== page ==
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The Rise of the Profane

At some point in their development, civilizations cease believing in the sacred and plunge into a new set of absolutes. No community likes to speak of decadence and its usually harsh symptoms; no one may even grasp the meaning of such an upheaval. Yet new absolutes appear on the horizon which seem to be barbarous because they are denials of the earlier sacred. For the sacred, in the eyes of the people, appears to be an absolute; it affects their imagination and judgments—until a "thomaskuhnian" revolution (philosophical, scientific, moral, aesthetic) diverts their attention to something else.

So-called transitional periods experience a parallel mobilization of two currents: the old, stable center survives in name, with its symbols and rituals, while a new focus, as yet amorphous and without validity, emerges with its own discourse, its own art forms, and its own set of acts to be performed. For a while—it may be many decades—the two run on parallel tracks; we call the first "sacred," the second "profane," and justifiably belittle the latter, measuring it in the habitual terms of the former. At such times, we witness the transvaluation of the tradition toward the as-yet unknown, and remain perplexed while the new, the profane, occupies the center of loyalty. A new foundation is sacralized.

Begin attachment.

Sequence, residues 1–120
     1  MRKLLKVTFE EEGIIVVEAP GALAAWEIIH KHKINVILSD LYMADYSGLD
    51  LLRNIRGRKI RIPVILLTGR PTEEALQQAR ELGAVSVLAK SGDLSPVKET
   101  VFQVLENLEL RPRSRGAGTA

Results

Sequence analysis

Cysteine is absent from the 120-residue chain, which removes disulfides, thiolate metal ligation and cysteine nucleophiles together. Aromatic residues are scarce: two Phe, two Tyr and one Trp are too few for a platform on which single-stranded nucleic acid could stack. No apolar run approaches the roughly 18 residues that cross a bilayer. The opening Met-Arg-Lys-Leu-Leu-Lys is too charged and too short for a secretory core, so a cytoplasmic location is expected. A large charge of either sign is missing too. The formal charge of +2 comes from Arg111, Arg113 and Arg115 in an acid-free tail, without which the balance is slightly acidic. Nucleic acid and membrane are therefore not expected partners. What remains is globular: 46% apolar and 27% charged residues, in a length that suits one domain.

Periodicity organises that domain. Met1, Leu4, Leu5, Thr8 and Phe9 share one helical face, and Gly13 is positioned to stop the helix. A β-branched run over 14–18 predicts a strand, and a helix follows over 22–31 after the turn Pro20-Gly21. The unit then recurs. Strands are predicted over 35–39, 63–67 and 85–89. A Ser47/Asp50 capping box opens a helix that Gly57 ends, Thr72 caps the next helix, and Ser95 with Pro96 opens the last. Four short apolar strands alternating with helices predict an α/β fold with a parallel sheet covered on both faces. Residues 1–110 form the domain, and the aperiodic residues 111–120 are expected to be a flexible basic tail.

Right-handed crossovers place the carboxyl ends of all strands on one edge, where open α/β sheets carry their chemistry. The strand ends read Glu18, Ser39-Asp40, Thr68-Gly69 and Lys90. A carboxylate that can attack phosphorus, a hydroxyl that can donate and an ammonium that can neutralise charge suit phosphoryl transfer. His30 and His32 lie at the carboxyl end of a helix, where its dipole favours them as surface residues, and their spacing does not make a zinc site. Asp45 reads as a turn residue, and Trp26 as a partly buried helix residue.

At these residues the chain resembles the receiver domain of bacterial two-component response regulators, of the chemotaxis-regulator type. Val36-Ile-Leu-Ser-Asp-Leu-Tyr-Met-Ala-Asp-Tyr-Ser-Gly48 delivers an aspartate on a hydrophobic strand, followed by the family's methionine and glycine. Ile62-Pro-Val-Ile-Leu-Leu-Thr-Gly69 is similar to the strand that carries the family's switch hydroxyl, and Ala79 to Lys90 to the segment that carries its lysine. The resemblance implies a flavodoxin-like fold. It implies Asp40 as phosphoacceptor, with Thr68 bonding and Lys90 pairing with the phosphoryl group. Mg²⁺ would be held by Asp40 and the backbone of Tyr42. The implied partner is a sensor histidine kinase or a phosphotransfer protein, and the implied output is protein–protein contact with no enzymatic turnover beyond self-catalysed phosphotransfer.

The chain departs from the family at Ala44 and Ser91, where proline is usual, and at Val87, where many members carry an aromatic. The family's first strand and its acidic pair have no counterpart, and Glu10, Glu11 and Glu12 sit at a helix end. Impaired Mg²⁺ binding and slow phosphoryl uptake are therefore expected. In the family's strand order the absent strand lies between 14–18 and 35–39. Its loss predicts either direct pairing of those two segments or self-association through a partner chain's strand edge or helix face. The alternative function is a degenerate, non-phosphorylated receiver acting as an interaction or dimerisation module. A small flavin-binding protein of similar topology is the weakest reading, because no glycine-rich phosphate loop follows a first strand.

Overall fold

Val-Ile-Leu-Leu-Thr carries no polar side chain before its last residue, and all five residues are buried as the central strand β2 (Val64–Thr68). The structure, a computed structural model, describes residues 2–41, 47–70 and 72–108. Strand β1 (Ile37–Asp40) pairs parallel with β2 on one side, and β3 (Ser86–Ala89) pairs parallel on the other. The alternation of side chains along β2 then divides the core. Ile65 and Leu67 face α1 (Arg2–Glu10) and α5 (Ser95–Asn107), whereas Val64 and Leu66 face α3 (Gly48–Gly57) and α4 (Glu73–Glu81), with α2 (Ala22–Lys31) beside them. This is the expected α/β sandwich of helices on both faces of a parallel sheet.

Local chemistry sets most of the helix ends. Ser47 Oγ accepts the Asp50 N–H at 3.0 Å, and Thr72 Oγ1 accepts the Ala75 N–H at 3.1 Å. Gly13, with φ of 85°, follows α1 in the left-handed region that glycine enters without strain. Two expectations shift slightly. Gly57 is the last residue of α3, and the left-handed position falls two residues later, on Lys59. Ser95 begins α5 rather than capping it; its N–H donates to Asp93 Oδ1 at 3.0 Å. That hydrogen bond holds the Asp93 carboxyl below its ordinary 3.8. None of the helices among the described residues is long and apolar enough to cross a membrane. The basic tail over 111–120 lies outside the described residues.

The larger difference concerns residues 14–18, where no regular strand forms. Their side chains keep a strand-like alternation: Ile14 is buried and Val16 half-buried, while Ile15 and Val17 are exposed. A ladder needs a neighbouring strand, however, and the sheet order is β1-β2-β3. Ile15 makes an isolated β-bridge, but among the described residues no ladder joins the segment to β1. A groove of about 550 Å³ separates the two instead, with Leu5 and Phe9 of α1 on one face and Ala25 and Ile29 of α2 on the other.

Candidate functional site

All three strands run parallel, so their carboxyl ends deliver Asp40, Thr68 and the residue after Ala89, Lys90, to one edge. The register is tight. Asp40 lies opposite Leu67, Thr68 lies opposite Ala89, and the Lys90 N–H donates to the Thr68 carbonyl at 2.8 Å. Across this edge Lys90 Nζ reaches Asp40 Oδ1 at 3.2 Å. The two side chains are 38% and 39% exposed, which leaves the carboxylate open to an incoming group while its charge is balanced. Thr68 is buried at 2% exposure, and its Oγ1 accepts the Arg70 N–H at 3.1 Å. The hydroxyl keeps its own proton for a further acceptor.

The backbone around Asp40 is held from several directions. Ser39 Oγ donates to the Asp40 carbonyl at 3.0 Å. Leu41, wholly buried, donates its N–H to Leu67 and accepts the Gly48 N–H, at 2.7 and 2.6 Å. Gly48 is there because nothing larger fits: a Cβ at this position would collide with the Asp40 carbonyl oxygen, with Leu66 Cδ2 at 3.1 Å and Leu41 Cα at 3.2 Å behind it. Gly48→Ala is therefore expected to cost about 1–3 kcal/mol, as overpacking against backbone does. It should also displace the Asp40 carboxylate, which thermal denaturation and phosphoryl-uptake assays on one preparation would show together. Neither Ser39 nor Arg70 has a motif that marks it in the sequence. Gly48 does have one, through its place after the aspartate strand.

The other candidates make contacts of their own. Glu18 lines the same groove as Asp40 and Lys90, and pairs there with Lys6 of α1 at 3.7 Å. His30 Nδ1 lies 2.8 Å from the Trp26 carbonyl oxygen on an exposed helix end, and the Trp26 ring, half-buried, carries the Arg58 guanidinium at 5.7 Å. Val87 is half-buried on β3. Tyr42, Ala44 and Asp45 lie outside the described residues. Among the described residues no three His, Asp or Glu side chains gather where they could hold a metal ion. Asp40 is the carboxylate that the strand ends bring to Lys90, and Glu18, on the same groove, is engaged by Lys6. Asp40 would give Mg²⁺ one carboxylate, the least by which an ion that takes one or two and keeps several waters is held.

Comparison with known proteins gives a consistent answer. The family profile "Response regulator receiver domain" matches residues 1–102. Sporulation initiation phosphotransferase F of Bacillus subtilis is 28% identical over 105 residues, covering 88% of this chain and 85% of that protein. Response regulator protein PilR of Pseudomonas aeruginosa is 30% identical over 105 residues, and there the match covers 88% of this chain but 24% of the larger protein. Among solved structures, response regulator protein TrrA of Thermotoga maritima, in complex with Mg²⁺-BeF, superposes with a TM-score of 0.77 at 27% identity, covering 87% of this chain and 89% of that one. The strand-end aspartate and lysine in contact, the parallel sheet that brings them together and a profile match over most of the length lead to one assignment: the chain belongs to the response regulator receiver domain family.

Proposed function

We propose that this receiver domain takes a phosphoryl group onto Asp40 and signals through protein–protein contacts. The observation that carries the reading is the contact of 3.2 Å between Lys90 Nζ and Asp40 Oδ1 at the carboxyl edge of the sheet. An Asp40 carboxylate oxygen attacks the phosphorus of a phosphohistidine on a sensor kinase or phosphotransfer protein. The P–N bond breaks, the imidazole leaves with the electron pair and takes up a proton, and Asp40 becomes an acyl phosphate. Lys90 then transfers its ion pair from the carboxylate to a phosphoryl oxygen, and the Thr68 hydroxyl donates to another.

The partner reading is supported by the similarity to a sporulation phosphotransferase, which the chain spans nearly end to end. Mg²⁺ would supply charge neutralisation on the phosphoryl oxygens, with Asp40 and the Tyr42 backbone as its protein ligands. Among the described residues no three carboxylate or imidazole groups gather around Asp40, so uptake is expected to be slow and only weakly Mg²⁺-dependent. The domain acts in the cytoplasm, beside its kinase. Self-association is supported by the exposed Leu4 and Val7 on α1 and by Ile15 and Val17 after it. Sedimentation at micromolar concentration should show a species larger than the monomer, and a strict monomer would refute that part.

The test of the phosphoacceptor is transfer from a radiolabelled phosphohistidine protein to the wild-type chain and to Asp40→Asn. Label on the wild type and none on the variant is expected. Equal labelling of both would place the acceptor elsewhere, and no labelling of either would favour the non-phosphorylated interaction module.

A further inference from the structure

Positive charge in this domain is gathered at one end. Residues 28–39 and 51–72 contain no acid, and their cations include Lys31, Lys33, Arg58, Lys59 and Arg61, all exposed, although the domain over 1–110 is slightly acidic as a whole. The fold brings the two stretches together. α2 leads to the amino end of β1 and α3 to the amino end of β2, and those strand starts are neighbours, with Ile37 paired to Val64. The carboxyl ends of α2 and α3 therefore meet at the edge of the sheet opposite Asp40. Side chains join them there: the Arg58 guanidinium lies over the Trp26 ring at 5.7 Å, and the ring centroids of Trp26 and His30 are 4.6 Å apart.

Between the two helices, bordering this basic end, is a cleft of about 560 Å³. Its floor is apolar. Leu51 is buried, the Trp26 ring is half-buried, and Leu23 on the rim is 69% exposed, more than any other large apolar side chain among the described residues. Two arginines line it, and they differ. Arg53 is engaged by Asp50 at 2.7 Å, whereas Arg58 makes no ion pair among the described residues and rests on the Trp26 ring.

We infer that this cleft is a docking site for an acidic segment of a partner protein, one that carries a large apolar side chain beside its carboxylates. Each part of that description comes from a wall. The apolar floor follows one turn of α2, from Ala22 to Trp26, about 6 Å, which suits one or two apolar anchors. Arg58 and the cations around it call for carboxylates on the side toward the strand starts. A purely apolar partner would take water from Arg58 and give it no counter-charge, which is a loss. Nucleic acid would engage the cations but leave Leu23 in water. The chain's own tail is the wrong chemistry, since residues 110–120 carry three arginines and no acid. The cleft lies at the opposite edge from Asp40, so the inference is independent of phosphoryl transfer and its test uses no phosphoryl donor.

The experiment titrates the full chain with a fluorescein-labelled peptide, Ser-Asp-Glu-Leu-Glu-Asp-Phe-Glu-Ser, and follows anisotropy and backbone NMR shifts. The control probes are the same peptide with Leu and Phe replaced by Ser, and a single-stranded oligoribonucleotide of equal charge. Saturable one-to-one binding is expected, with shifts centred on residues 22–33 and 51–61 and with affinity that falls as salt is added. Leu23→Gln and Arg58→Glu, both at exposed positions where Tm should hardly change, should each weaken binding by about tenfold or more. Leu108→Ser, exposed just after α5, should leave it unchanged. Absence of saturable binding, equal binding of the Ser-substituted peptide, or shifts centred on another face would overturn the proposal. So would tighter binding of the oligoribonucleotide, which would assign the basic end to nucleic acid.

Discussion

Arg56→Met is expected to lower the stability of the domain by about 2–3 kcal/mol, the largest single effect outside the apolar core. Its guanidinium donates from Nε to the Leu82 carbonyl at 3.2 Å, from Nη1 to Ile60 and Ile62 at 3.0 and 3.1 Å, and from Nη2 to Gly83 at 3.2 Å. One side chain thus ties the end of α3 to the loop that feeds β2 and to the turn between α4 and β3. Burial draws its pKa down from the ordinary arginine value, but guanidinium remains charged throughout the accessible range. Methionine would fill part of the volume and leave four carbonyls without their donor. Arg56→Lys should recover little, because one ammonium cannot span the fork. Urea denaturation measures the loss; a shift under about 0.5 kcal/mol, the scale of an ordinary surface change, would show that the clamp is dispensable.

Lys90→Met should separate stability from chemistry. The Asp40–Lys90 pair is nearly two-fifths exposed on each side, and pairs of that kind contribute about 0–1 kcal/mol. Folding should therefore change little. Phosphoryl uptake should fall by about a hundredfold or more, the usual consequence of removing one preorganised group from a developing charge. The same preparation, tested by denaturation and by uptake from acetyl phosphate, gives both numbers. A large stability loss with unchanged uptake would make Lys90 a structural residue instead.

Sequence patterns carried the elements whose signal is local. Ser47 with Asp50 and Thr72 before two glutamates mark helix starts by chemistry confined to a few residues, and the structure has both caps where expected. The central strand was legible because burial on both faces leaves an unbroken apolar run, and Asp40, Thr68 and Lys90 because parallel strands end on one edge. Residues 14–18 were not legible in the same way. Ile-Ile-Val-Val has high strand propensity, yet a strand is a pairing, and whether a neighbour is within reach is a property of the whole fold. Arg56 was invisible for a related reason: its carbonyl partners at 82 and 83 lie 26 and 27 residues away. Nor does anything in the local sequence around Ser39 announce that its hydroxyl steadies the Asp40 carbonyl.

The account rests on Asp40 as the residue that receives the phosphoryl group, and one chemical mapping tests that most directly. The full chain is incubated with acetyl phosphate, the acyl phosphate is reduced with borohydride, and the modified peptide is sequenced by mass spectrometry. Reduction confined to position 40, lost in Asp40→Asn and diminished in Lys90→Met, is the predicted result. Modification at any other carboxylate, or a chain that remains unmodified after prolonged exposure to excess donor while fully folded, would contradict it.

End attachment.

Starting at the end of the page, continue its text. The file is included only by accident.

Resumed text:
It is obvious that we now approach the end of the "Age of Faith," and that...

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